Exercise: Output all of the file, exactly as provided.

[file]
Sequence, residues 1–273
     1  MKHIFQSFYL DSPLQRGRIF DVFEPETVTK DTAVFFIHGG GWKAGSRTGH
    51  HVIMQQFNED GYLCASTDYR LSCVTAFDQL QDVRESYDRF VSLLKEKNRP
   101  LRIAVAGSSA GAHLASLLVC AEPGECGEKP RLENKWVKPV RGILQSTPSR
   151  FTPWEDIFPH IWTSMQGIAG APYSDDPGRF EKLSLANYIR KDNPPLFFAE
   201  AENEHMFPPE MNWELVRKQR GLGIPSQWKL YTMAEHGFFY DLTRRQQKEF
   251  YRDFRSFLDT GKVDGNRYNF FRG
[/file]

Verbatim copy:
Sequence, residues 1–273
     1  MKHIFQSFYL DSPLQRGRIF DVFEPETVTK DTAVFFIHGG GWKAGSRTGH
    51  HVIMQQFNED GYLCASTDYR LSCVTAFDQL QDVRESYDRF VSLLKEKNRP
   101  LRIAVAGSSA GAHLASLLVC AEPGECGEKP RLENKWVKPV RGILQSTPSR
   151  FTPWEDIFPH IWTSMQGIAG APYSDDPGRF EKLSLANYIR KDNPPLFFAE
   201  AENEHMFPPE MNWELVRKQR GLGIPSQWKL YTMAEHGFFY DLTRRQQKEF
   251  YRDFRSFLDT GKVDGNRYNF FRG